12 June 2012 | Team Tamar

How will new ‘Trolling’ laws affect brands online?

New legislation being proposed by the government could see an end to the practice of Internet trolling, it is being reported today.

Under the planned legal changes, sites like Facebook would be forced to reveal the IP address of anybody accused of abuse, libel or defamation – provided a legal case has been made.

In a “you scratch my back” move, the change will also work in favour of the websites in question – by complying with the request they will free themselves from any risk of being caught up in the ensuing case.

Under the current system, sites like Facebook risk being included in legal cases such as libel – in legal terms, every “hit” on an offending page can count as another count of abuse – so the current solution is for sites to remove the content as soon as they are notified. Whilst this might sound like a good solution, in practice it results in a lot of mis-reported content being deleted, just so the sites can err on the side of caution.

The subject of Internet trolling has been a hot topic in the UK for most of the year – just this week a new video by comedienne Isabel Fay bought the subject to the fore once more. You can watch the video below – though the language used is probably a little NSFW:

So what will the new law mean for you as a site owner/brand? Well for starters it means any form of “UGC” (user-generated content) on your site will now almost-certainly fall under this new remit – so you need to be prepared to manage any requests if they come.

As a brand using social media channels such as Facebook, your social media presences should be covered by the terms of the platform itself – but it’s still worth familiarising yourself with the new legislation, when it is finalised.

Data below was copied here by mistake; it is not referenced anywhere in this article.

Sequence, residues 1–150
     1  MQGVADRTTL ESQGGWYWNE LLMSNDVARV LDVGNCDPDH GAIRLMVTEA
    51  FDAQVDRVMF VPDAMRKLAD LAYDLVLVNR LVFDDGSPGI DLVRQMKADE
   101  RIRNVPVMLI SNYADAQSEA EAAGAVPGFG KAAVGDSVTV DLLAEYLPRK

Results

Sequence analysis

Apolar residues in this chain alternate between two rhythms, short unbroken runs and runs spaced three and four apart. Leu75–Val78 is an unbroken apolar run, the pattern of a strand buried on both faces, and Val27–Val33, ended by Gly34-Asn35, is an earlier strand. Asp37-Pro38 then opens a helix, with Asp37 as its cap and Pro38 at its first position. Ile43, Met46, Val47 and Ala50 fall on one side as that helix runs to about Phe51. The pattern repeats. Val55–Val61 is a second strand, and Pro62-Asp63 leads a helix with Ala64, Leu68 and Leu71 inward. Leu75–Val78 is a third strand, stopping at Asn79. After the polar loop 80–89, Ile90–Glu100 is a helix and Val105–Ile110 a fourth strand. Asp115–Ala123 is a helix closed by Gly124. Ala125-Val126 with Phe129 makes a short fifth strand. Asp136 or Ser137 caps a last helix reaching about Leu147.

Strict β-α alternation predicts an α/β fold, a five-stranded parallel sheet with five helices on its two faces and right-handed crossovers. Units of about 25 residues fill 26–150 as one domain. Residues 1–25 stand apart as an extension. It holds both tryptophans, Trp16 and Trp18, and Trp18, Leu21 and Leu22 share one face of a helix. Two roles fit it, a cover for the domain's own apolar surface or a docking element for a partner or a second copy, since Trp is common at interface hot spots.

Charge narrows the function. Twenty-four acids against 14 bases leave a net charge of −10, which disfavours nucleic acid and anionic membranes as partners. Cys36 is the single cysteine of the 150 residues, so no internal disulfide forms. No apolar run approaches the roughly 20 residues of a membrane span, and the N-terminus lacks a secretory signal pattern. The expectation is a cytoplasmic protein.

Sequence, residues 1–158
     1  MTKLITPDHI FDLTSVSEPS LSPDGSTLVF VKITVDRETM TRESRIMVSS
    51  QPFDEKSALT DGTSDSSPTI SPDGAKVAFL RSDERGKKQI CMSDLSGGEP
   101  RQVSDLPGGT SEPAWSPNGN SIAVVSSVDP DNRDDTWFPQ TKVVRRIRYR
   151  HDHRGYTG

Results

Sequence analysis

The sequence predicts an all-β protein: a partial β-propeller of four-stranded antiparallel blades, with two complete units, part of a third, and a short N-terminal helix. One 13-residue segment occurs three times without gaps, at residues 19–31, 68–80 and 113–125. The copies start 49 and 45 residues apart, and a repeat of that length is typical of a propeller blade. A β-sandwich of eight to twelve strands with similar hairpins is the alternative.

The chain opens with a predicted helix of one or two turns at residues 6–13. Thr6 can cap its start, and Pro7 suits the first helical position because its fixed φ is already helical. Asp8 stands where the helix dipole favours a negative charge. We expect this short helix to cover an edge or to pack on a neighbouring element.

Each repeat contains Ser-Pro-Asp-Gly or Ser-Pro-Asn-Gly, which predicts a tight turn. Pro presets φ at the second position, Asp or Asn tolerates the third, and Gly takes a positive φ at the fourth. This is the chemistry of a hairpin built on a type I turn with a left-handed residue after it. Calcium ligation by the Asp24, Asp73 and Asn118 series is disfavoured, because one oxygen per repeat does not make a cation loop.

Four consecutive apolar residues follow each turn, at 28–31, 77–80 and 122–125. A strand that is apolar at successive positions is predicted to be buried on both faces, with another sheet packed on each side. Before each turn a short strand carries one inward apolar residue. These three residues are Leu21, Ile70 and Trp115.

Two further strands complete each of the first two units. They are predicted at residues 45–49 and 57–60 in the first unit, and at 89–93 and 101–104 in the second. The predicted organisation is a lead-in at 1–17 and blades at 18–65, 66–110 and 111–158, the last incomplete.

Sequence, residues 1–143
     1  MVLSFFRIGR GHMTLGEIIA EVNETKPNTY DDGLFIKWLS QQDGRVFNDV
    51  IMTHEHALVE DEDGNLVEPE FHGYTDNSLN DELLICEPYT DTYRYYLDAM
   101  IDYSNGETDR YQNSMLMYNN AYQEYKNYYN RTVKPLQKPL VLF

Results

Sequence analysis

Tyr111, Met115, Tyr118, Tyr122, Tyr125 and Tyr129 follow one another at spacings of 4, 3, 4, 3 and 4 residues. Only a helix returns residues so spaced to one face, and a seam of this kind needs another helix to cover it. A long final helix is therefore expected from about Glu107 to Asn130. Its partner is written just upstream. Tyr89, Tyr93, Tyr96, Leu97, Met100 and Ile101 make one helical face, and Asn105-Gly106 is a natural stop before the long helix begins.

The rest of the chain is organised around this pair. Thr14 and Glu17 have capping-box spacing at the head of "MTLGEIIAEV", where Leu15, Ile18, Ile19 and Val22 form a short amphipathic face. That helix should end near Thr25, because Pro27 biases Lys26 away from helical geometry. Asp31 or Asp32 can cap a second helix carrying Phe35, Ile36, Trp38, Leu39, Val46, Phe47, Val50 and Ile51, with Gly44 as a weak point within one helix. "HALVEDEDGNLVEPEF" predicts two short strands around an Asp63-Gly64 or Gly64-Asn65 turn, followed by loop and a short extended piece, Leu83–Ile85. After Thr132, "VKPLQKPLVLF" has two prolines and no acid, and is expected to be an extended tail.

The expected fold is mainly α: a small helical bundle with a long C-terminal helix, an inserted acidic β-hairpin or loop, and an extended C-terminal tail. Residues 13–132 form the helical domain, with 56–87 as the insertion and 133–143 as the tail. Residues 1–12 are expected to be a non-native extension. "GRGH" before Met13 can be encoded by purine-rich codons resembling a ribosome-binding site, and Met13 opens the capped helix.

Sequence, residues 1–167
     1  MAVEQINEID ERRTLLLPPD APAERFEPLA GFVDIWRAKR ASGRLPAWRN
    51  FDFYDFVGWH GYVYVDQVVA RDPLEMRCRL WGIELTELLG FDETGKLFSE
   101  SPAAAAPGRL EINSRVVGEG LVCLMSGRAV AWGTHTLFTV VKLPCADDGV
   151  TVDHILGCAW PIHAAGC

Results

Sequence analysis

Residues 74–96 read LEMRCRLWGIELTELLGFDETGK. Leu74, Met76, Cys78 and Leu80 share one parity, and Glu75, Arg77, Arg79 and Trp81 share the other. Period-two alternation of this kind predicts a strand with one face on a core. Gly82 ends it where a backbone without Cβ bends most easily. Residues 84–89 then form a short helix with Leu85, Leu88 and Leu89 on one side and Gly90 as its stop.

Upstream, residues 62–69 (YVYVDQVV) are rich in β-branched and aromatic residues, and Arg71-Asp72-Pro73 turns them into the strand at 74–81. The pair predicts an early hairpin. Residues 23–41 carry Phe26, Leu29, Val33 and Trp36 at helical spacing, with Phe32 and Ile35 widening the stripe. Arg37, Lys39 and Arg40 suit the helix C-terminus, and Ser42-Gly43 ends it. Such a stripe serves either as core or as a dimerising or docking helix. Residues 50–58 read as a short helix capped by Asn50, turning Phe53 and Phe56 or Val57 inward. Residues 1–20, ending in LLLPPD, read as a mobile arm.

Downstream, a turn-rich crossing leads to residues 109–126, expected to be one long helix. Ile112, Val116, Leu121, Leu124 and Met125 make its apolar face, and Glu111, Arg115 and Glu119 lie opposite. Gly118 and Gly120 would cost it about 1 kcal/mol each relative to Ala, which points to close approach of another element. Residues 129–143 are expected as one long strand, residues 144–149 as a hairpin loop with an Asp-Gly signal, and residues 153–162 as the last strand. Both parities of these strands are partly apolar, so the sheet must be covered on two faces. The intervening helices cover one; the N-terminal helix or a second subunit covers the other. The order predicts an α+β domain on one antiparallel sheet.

Whilst using a site such as Facebook should protect you from getting caught up in cases such as these, negative situations on Facebook seem to have a habit of spiralling out if control very quickly – so having good community management in place on your social profiles is paramount. After all, even if you’re protected from the might of the law, muck has a nasty habit of sticking to more than just the people throwing it – you only need to look at the way the media report stories of trolling or abuse to see how keen they are to name-check brands or personalities who might have been involved.

As always, our main advice is to ensure you’re fully educated on the law that applies to you, and make sure you know what people are saying – not just about you, but in places that have your name on them!

Team Tamar

  • Bunny Menra

    It is really good to see that there will soon be a law to punish those abusers & trollers. Mrs Brookes, whose efforts have led to passing of this law is still suffering at the hands of abusers http://bit.ly/N2qPjw. Hopefully, this law will prevent such situations in future.

  • http://www.tanyagoodin.com Tanya Goodin

    I have a slight concern that if brands/networks clamp down too hard it’ll discourage legitimate comment and feedback but its definitely a positive move to discourage some of the more unpleasant aspects of internet use.

    • http://twitter.com/henweb Henry Elliss

      *Hopefully* the fact that the platforms (and brands by extension) will be freed-up from being caught up will actually result in less clamp-downs – currently people are removing stuff that is not genuinely defamation, “just to be safe” – so in theory this should result in more openness.

  • Nara

    Few years ago I participated in “Cyber Security” training organized by NATO experts. It was focused on the problem how to regulate illegal actions in the Cyber Space and in fact,many countries do not have any cyber legislation. It’s good to see that soon there will be a law against trolling…time to realize that Virtual World is slowly transforming to Real…

  • asad imam

    I watched a documentary Richard Bacon on BBC (http://www.bbc.co.uk/news/magazine-17399027)
    and was shocked to know the reasons why would somebody get into trolling. A law against it is definitely welcomed. Onus is for sure on social media sites to take strict action against this.

  • http://www.michaelsheehan.com Michael Sheehan

    This law is long overdue but like all such matters the devil is in the detail. Lets hope its not “a hammer to smash walnut”.

  • Simon

    Totally agree with Asad’s comment above. Social media sites should take more responsibility!